Fire Prevention During Times of Drought

Richmond, VA – This summer the weather in Virginia has been unusually hot and dry. Some localities have had their warmest summer on record. Most of Virginia is now suffering from moderate to severe drought. These conditions bring a greatly increased risk of wildfires.

Until we get significant rainfall, it is also important that residents work to reduce water usage. The Virginia Department of Emergency Services has issued several recommendations to help localities deal with these problems. It is especially important that citizens observe outdoor burn bans, if present in their locality. The primary wildfire season in Virginia is October 15 to November 30. To find out if your locality has a burn ban in place call your local fire department or sheriff’s office.

How can you help reduce the risk of wildfires and protect your property? Prune branches at least 15 feet back from chimneys and stove pipes. Be extra careful when grilling outdoors. Clear leaves and other flammable materials from under decks and porches. Stack firewood 100 feet away and uphill from any structure.

Use fire-resistant materials when building or renovating. Use non-combustible materials for roofs, which are especially vulnerable in a wildfire. Keep matches and lighters up high in a locked cabinet away from children and keep fire extinguishers in your house and other buildings. Your local fire department will usually inspect your property for fire safety and prevention if you make a request.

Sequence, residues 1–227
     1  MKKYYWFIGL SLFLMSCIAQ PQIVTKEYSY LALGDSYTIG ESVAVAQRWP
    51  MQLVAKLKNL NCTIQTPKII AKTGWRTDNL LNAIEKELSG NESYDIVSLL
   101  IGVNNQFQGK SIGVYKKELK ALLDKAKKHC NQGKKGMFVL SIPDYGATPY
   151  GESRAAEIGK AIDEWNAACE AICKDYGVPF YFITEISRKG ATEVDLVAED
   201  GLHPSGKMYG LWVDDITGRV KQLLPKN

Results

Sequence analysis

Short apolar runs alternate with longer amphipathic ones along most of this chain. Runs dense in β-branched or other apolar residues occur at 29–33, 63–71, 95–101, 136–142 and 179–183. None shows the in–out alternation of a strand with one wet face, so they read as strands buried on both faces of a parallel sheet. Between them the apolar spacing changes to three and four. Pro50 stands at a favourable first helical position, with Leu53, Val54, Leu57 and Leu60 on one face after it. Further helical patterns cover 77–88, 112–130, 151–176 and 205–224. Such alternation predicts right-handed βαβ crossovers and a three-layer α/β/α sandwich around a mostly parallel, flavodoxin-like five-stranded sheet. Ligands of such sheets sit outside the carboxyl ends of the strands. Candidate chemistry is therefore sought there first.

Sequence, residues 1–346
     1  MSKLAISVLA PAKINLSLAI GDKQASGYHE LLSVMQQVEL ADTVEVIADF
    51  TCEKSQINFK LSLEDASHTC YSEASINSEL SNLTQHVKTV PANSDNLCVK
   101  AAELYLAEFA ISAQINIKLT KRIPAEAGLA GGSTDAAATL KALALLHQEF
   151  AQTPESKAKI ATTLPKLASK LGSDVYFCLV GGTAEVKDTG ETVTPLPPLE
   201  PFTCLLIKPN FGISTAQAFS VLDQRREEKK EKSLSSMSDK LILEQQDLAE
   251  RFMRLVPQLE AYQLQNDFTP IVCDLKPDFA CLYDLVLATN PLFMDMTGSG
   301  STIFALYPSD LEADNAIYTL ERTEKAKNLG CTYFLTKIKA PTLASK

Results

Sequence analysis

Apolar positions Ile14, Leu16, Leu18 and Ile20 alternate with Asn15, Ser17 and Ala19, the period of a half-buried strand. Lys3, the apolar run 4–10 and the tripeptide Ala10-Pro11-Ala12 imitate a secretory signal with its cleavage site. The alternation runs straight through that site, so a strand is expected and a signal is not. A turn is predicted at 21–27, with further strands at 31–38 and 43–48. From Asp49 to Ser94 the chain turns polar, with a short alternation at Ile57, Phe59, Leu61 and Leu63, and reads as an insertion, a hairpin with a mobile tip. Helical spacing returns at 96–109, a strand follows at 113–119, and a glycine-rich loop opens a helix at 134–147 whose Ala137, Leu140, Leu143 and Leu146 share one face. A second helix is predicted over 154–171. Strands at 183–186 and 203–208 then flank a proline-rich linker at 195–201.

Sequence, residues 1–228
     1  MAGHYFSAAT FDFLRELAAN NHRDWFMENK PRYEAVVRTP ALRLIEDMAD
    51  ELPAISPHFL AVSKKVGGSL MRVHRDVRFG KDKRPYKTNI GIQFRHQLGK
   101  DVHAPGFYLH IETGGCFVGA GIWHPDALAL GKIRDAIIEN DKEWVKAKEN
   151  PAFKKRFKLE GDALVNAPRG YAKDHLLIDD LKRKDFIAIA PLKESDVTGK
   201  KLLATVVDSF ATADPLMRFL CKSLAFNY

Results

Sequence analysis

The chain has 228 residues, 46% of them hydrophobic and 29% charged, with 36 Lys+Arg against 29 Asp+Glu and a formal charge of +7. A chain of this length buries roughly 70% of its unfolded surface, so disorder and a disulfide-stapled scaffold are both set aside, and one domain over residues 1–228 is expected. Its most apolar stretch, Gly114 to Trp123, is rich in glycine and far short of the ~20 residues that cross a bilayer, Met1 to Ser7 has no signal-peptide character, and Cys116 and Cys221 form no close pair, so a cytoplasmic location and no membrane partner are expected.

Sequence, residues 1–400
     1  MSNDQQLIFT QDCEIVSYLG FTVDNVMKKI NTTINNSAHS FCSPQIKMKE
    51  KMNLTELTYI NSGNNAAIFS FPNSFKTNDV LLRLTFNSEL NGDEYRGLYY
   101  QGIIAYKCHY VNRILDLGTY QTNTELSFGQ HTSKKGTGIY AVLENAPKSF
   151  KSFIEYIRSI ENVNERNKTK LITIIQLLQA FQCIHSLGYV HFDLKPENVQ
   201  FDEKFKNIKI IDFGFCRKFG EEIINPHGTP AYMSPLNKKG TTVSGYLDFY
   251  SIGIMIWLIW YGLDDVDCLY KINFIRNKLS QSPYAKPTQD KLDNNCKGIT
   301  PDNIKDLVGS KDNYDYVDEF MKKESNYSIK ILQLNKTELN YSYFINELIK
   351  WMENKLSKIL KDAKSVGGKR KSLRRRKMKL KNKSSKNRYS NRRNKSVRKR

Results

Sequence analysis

In addition to fire safety, try to reduce water usage to help your local water system cope with the drought. Never pour water down the drain when there may be another use for it such as watering plants or gardens. Repair dripping faucets – one drop per second wastes 2,700 gallons of water per year.

Take short showers and limit the number of baths. Use washing machines and dish washers only when fully loaded. Use a pan to wash vegetables and dishes instead of letting water run continuously. A family can save 14 gallons per day by not letting water run while brushing teeth, washing hands or shaving.

So be safe, not sorry during this wildfire season and try to help your locality get through the drought.

Story By

Heather Niday

Heather is our Program Director and Traffic Manager. She started with Allegheny Mountain Radio as a volunteer deejay. She then joined the AMR staff in February of 2007. Heather grew up in the Richmond, Virginia, area and now lives in Arbovale, West Virginia with her husband Chuck. Heather is a wonderful flute player, and choir director for Arbovale UMC. You can hear Heather along with Chuck on Tuesday nights from 6 to 8pm as they host two hours of jazz on Something Different.

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